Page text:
As engineering grads back in the late 1990s, Will Maloney ’95 and Chad Sutcliffe ’95 kept their ties to Notre Dame tight, if not in proximity. Rather than remain on campus, though, the pair took part in the Notre Dame Volunteer Program of Jamaica, a post-graduate program offered at the time. In Kingston, they taught physics and math at the all-boys St. George’s College secondary institution by day, and coached the basketball team after school.
Neither could have predicted their two-year commitment would become a journey of 25 years and counting. Now, that first team has grown into a free annual basketball summer camp for hundreds of youth players across Jamaica, and has even expanded to Haiti. It’s called Jumpball.
“I think people were interested that there were some Americans coaching the basketball team, so the turnout was amazing. We were able to field three different levels of teams,” Maloney recalls of that first year. “We realized that a lot more could happen from that.”
What began as a small summer basketball camp for 75 kids hosted by a few Jamaican alumni from Notre Dame in the summer of 1995, has become the Jumpball Basketball Programme. Today, it is still going strong with 300 players participating in Kingston each summer and hundreds more in other locations on the island and in Leogane, Haiti.
After two years of teaching at St. George’s, the duo continued to run the program from the U.S. alongside friends and volunteers in Jamaica. Jumpball is funded, in part, by the support of Notre Dame’s annual student Bookstore Basketball tournament.
The leadership and coaches at the camp are volunteers from both the U.S. and Jamaica, including the coach of the Jamaican Men’s National Team, Rick Turner, who got his start coaching in the country when he first volunteered with Jumpball. Maloney and Sutcliffe rely on a group of 30-40 local volunteers, and they travel to Kingston annually for the camp themselves. The organizers of Bookstore Basketball are also among the group of volunteers.
The Jumpball team runs a four-day clinic in Kingston as well as two-day camps in six other locations on the island. In addition to the expansion of Jumpball to locations beyond Kingston, another change over the past 25 years is the growth of female participation in basketball in Jamaica. Maloney estimates that about a third of the current campers and coaches are girls. In 2013, they expanded the program to Haiti through a partnership with Notre Dame’s Haiti Program.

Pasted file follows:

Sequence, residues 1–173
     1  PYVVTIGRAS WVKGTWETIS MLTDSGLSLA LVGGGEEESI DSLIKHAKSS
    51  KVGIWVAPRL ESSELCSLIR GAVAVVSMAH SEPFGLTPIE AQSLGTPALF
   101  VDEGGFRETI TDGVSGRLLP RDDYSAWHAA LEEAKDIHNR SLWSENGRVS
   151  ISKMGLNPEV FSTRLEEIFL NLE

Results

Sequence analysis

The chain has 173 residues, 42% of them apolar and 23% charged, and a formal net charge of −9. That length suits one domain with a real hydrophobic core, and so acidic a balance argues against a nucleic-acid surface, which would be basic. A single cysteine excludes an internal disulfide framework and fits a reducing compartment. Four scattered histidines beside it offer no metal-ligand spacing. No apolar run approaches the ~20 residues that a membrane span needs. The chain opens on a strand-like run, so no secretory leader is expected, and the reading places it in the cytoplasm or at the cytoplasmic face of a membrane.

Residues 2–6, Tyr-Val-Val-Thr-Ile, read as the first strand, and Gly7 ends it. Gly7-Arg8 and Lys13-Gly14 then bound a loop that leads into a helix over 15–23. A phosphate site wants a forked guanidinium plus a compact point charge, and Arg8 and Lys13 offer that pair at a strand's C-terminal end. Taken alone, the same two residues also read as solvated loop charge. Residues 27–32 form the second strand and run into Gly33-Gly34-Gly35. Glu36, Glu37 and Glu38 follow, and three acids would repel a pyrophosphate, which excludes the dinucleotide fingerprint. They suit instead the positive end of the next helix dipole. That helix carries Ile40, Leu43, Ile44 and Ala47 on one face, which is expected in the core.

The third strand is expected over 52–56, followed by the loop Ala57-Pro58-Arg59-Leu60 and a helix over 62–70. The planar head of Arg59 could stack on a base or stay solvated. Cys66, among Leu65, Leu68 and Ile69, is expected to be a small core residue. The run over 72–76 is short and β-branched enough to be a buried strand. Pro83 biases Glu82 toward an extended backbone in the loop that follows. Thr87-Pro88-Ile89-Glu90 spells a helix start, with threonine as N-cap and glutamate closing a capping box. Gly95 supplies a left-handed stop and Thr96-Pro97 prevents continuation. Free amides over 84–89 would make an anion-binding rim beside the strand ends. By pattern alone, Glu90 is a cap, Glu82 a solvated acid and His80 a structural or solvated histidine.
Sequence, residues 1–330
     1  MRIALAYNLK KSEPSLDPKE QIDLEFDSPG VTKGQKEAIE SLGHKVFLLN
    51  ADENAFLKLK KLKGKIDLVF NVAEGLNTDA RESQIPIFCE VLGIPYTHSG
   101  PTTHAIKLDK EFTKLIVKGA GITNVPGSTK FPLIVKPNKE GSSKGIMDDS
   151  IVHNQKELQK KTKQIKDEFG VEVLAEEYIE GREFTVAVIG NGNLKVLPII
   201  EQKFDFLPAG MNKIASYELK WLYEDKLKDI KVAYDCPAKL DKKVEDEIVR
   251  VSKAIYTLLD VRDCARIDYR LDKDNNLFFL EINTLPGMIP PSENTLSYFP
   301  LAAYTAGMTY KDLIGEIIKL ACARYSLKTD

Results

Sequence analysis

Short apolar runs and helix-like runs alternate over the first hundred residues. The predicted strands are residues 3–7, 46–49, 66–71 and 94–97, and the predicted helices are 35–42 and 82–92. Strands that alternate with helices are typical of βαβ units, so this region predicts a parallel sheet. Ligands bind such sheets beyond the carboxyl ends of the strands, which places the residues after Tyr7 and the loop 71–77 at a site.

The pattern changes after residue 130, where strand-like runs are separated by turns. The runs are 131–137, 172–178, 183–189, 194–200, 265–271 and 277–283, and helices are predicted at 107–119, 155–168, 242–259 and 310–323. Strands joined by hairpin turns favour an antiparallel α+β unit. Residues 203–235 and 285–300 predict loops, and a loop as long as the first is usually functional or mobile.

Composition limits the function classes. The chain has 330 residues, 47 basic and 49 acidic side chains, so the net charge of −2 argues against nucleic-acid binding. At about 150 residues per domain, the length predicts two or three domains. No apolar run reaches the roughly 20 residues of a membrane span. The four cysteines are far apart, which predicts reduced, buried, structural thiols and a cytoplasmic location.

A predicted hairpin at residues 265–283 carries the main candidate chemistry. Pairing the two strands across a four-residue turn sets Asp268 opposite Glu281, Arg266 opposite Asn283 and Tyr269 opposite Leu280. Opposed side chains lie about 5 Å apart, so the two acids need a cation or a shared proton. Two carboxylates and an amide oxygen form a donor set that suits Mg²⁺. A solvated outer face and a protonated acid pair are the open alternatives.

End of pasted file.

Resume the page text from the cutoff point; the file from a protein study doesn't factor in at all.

They also offer a Jumpball Coaching Scholarship to one volunteer coach each year. “We’ve had everything from people who’ve gone to four-year colleges to a guy who wanted to go get his certification in truck driving. It’s for any sort of education,” Sutcliffe says.
Maloney and Sutcliffe manage Jumpball alongside their careers and lives at home. Maloney, who majored in environmental science and environmental engineering at Notre Dame, worked in environmental consulting for several years before returning home to Pearl River, New York, as the third generation to manage the family business, the Hilton Pearl River hotel. Sutcliffe, who was a mechanical engineering major, lives in Tampa, Florida, and works in international health care.
While both joke that neither of them can boast exceptional basketball talent, they do believe in the power of the game to teach life skills while also providing an opportunity for kids to have fun in the summer.
“Our mission statement is to provide the children of Jamaica and Haiti [with] the opportunity to learn self-esteem, teamwork, dedication, camaraderie, sportsmanship, and the fundamentals of basketball. And there's a reason why the fundamentals of basketball is the last thing in the mission statement — because it's not the most important part of this,” Maloney says. “Seventy-five percent of our volunteer coaches are former campers, and I think that’s the coolest thing in the world. You can start to see it in the eyes of the kids who are towards the upper age, which is 17. They really start to show leadership and look out for the younger kids in the camp. The fact that so many continue to show up — that’s the greatest endorsement of what we’re doing. It’s a family reunion of sorts every summer.”
Maloney and Sutcliffe’s children have even traveled to Jamaica to participate in the program their parents created all those years ago.
“I’ve got three kids and they each have been to Jumpball, which is a really cool milestone, right? Because we started this thing when we were in our 20s, and we’ve watched the Jamaican volunteers and, in many cases, their brothers and sisters and kids [get involved],” Sutcliffe says. “For Will and I to have our kids come down, this is amazing, a highlight of our lives.”
Both credit the partnership with their friends and colleagues in Jamaica as the main reason the program has succeeded for 25 years, and they hope that continues long into the future.
“I’d love for someday, my two daughters and Chad’s kids and a bunch of our younger current Jamaican campers to run this thing,” Maloney says.
Without the Notre Dame volunteer program that brought them to Jamaica, Maloney and Sutcliffe attest, Jumpball never would have happened. Both Maloney and Sutcliffe say that Notre Dame’s emphasis on serving others was part of the reason they joined the program and the impetus to create Jumpball with the community.
“That’s one of the things I’m proudest of my alma mater for, having a worldwide impact socially,” Sutcliffe says. “To be able to model that for our kids has been a great thing. As they grow up and see what Will and I are involved in and how many people [support Jumpball], they see that people give back to their community.”